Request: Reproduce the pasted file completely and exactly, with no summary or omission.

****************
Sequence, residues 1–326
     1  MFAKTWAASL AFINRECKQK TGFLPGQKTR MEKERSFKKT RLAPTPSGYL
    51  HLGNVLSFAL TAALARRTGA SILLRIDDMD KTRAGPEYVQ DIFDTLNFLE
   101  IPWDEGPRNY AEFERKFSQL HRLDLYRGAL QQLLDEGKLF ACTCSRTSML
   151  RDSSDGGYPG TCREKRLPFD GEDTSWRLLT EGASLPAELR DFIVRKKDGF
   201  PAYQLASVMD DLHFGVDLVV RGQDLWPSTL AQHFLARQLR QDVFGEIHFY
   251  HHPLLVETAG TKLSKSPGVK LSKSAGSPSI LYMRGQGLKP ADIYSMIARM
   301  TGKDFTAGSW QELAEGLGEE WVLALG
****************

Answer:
Sequence, residues 1–326
     1  MFAKTWAASL AFINRECKQK TGFLPGQKTR MEKERSFKKT RLAPTPSGYL
    51  HLGNVLSFAL TAALARRTGA SILLRIDDMD KTRAGPEYVQ DIFDTLNFLE
   101  IPWDEGPRNY AEFERKFSQL HRLDLYRGAL QQLLDEGKLF ACTCSRTSML
   151  RDSSDGGYPG TCREKRLPFD GEDTSWRLLT EGASLPAELR DFIVRKKDGF
   201  PAYQLASVMD DLHFGVDLVV RGQDLWPSTL AQHFLARQLR QDVFGEIHFY
   251  HHPLLVETAG TKLSKSPGVK LSKSAGSPSI LYMRGQGLKP ADIYSMIARM
   301  TGKDFTAGSW QELAEGLGEE WVLALG